Time to fix problem – Farmers urge Federal Government to introduce right to repair for ag-machinery

The National Farmers’ Federation has welcomed the Productivity Commission’s (PC) inquiry report into the Right to Repair, handed down today, recommending a right to repair for farm machinery.

“Farmers, as small business owners, should have the same right as anyone else to have their machinery repaired by a suitable qualified repairer, without the fear of losing their warranty, and without being locked into needlessly exorbitant repairs by the dealership network and for spare parts,” said NFF CEO Tony Mahar.

The PC report explicitly recommends the introduction of a repair supplies obligation on agricultural machinery that will empower independent repairers and farmers to undertake repairs through the provision of affordable spare parts, diagnostic tools and information, which will create competition with the dealership network for the provision of repairs.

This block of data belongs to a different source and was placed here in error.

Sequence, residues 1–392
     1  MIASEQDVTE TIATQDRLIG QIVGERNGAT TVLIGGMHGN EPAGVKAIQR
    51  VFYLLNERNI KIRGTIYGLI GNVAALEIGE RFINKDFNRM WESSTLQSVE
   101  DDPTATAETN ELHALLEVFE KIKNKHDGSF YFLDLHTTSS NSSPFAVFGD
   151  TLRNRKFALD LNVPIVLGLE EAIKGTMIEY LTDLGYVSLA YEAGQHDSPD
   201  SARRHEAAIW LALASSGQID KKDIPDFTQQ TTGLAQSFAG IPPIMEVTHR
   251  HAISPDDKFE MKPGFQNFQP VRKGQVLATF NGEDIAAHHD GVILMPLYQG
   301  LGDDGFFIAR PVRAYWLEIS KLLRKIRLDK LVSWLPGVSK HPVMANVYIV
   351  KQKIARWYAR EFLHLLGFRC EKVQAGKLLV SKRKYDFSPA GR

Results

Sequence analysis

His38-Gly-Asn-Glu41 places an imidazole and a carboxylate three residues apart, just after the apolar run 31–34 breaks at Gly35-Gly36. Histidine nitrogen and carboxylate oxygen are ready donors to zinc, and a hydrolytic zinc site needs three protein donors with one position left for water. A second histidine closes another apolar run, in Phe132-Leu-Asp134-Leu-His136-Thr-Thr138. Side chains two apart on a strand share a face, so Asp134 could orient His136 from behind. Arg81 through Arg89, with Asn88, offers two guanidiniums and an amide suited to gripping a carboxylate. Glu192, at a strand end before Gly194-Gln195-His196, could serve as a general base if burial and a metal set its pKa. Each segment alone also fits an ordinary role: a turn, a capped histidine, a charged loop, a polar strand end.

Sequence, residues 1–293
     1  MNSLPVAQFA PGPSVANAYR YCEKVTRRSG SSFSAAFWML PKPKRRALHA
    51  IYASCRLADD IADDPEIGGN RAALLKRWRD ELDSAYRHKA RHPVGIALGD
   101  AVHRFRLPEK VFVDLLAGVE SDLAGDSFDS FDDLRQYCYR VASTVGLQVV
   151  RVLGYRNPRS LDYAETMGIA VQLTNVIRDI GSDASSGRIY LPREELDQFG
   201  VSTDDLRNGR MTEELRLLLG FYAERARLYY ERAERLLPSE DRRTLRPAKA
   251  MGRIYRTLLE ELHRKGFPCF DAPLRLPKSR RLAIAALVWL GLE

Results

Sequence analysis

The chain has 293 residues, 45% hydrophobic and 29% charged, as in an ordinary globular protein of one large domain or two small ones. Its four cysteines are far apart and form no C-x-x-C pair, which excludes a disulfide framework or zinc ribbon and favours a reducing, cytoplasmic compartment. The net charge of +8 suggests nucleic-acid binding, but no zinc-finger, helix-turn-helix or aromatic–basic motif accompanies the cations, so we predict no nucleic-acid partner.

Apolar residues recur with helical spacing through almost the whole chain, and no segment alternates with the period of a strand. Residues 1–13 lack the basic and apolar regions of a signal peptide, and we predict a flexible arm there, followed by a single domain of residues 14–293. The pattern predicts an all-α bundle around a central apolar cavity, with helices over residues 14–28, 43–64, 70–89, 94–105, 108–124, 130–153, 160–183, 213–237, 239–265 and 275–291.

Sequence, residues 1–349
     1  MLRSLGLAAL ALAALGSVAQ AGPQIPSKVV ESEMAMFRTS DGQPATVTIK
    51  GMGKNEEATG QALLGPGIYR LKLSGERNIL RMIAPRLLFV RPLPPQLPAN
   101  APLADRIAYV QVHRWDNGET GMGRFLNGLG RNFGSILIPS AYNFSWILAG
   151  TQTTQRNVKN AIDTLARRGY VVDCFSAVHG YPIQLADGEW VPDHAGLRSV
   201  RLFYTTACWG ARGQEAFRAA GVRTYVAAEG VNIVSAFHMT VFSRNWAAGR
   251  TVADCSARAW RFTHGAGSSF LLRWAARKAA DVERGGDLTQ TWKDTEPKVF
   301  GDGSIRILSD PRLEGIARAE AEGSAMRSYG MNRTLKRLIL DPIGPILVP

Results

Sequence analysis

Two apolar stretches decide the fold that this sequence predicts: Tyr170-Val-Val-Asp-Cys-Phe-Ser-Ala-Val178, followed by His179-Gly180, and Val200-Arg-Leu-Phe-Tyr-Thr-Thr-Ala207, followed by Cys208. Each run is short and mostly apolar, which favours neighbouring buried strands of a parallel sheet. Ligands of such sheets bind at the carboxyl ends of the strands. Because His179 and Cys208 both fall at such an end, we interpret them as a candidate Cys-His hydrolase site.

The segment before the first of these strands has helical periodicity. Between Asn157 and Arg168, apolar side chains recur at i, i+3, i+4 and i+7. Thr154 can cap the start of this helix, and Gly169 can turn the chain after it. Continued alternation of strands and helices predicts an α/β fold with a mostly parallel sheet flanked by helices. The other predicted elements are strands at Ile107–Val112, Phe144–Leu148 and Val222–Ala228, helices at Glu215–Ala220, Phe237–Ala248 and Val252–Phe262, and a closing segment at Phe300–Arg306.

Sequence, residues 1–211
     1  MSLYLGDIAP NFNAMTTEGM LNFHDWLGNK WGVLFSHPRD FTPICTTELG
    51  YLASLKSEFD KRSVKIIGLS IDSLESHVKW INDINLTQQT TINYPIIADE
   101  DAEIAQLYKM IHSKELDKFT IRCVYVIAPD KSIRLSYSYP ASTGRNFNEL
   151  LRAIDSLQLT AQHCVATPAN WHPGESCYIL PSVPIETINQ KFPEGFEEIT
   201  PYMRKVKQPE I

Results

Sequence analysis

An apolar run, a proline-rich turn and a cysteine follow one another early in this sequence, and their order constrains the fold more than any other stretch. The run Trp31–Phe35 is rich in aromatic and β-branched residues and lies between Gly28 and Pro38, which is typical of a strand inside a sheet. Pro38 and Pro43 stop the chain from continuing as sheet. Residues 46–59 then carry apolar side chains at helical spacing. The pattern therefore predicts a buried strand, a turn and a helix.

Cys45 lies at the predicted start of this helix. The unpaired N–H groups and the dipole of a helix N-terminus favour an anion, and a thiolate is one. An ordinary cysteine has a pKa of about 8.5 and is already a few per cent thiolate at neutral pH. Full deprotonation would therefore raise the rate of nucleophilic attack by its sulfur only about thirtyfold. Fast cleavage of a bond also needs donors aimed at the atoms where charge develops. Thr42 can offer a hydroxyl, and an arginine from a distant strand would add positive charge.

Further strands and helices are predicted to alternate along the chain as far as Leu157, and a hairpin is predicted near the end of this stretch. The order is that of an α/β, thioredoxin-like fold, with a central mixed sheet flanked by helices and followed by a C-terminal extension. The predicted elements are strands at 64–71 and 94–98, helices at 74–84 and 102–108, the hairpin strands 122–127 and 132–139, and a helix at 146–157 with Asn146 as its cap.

“Maintenance and repairs of farm machinery is not an opportunity for dealers to dip their hands into the pocket of the farmer and to bulk up their profit margins. The introduction of a right to repair will ensure farmers get a good price for any repairs through a more competitive market for aftersales services,” said Mr Mahar.

The NFF seeks to work with manufacturer and dealership representatives to ensure an effective right to repair scheme that creates true competition in the aftersales market for agricultural machinery, while addressing any potential or perceived safety concerns, and ensuring a workable and low impost framework for manufacturers and dealers.

“A right to repair will capture some of the good practice already demonstrated by some machinery suppliers and dealerships, we understand that most manufacturers and dealers want to do the right thing by their customers – a right to repair will remove the perverse financial incentive to use aftersales services to squeeze more money out of farmers,” said Mr Mahar.

The PC recommends that this right to repair scheme should be implemented as a matter of urgency, with design and implementation to begin in 2022.

“We urge the Treasurer to take immediate action and commence the design of a right to repair scheme for agricultural machinery,” said Mr Mahar.

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